Reducing the amount of stuff you consume is a great way to reduce the amount of waste you produce and money you spend—meaning you lower your impact on the earth and have more money at the end of the month. Here are some tips from Nicky Scott’s  Reduce, Reuse, Recycle: An Easy Household Guide 
Lighten your garbage can—take out everything that can be composted and use your current recycling service. Don’t use that empty box to store toys or tools: it’s for recycling! Most of us now have some sort of curbside program. Read the information that comes with it, or contact your local authority for more information. If you have Internet access, look on your municipality’s Website.
A bit more effort
- Avoid over-packaging. Do you need to buy items individually wrapped? If so, is the wrapping material made from recycled materials? Could you buy the same product made from recycled materials?
- Take a bag when you go shopping—put plastic shopping bags in your pockets so you always have some handy.
- Contact your local authority or recycling group before you clear out the garage or attic and see what you can take (and where) for reuse or recycling.
- Use your consumer power in the workplace too. For example, nearly every office has a photocopier. Does it use recycled paper? Has it ever been tried? Do you collect paper used only on one side for reuse? Tell your boss how the business can save money by recycling
- Choose longer-life, energy-efficient, solar-powered, and rechargeable products
- Try out a low-energy light bulb.
- Give up burning trash.
- Buy recycled products, e.g., recycled toilet paper, kitchen rolls, tissues, refuse sacks, writing paper and envelopes. Switch to recycled paper in your printer.
- Use proper cups, plates, and cutlery rather than plastic or paper disposable items.
- Keep asking questions at your local store about the availability of recycled products. Congratulate the store manager when new recycled content product ranges are stocked.
- Shop at thrift shops.
Can anyone else use your cast-offs? Try your local playgroup, school, charities, community group, community hall, or social services.
Go the whole hog!
- Compost all your garden and kitchen waste.
- Collect plastic bottles for recycling.
- Look at what you are currently throwing away (e.g., plastic bottles, aluminum foil, clothes, boots and shoes, etc.), and see if you can find places locally to take them: contact your local authority and/or recycling group for more information and help.
- Buy remanufactured printer cartridges for home or workplace computers, and return spent cartridges for recycling.
- Buy loose fruit and vegetables—refuse excess packaging.
- Buy local produce. Use your local shops and services.
- Plan any building or renovation project with recycling in mind—advertise materials you will have in advance. Educate your builders. Remember that you can sell metals—lead and copper are especially valuable. Cables contain the highest grade copper.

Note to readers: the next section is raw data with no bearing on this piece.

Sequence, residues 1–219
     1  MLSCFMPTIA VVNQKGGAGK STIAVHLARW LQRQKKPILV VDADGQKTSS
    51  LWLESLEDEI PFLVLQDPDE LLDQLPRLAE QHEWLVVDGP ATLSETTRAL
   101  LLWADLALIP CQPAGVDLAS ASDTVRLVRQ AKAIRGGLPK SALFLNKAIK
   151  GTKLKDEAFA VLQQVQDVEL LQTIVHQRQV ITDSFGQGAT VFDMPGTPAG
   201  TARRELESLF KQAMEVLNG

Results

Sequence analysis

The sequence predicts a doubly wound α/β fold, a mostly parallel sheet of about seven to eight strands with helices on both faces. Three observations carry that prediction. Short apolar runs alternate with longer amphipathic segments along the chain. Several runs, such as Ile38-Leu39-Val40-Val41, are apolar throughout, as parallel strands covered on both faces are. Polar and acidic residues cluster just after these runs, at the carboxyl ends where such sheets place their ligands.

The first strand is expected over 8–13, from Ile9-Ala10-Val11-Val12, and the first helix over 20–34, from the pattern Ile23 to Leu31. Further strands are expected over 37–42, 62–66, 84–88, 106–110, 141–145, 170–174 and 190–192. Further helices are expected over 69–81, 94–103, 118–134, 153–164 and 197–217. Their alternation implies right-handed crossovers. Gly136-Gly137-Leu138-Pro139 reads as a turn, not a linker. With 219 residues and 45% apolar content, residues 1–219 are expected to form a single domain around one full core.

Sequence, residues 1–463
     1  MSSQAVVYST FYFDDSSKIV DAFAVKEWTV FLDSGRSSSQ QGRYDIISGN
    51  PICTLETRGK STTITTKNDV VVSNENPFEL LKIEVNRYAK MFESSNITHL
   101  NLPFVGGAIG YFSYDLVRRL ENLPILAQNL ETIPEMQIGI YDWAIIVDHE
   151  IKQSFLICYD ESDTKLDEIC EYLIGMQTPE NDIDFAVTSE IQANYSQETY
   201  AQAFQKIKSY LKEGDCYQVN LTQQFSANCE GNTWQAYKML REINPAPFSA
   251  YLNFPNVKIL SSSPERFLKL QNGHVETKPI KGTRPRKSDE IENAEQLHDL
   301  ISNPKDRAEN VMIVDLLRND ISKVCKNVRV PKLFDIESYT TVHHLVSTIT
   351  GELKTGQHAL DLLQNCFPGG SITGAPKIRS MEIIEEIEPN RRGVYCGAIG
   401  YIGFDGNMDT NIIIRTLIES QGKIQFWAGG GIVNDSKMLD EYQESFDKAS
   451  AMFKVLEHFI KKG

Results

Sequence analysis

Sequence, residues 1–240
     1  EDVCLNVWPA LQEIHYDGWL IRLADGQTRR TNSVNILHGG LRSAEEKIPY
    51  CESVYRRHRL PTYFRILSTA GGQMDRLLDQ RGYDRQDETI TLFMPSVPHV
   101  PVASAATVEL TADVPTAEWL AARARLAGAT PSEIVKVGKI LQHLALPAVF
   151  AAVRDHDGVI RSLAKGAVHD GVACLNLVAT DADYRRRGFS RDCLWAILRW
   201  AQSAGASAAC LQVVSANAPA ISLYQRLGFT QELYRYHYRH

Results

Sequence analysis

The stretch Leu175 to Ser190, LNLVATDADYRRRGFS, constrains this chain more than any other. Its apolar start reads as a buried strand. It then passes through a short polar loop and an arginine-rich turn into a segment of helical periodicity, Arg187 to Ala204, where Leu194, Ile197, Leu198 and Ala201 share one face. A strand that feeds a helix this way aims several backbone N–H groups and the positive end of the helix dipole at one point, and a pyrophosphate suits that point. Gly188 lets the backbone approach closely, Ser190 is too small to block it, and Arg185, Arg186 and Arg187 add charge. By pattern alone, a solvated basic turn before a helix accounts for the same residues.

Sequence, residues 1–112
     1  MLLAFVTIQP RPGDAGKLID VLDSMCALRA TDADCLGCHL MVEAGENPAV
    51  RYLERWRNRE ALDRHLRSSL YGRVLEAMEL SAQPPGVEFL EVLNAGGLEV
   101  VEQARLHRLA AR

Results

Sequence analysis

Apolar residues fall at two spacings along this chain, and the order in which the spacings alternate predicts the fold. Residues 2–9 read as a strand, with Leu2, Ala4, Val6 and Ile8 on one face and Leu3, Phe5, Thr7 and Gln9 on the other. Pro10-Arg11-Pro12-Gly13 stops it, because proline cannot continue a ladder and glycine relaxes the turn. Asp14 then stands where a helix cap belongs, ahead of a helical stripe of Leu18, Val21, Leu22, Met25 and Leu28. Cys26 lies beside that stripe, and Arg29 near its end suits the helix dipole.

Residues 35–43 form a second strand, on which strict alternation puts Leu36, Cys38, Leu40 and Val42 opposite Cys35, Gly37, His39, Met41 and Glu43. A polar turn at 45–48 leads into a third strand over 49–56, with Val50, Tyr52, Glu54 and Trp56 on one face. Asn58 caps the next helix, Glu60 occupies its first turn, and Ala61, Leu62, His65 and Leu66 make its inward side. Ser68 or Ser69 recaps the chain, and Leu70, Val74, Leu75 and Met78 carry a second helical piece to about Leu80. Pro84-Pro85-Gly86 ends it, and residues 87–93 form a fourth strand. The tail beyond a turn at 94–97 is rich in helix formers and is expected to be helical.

- Buy reclaimed materials for building projects. Buy fixtures and fittings from salvage yards.
- Furniture and household goods can go to people on low incomes.
- Switch all your light bulbs to low-energy ones.
- Buy a paper shredder and use the shreddings for pet bedding. Then you can compost soiled bedding (with your kitchen waste, naturally).
- Search the Web for recycled goods.
Volunteer to help your local recycling or composting project.
- Find out even more about waste minimization, composting, reuse and recycling.
- Find out if you can be involved in going into schools to spread the message—contact www.paperrecycles.org or talk to your local school district.
- Go to community meetings and ask why they are not doing even more.
- Become a collector of those ‘fringe’ recyclable items that charities collect, such as corks, metal foil, printer cartridges, jumble, books, bric-a-brac, etc.
- Start your own resource center or recycling/composting project.
- Take part in a Master Composter training program.
- Help your local authority promote composting in the community; contact your local recycling officer and see if there are any opportunities available locally.
- Be a ‘positive’ shopper—try to buy only things that are grown locally, produced locally, or are fair-traded and/or organic. Think every time you buy something. What’s it made of? Can it be composted, or reused or recycled at the end of its life? Has it harmed anyone or the environment during its production? Should we be making anything that has a negative impact on the planet? Consider this quote from Cradle to Cradle by William McDonough and Michael Braungart:“All the ants on the planet, taken together, have a biomass greater than that of humans. Yet their productiveness nourishes plants, animals and soil. Human industry has been in full swing for little over a century yet it has brought a decline in almost every ecosystem on the planet. Nature doesn’t have a design problem. People do.”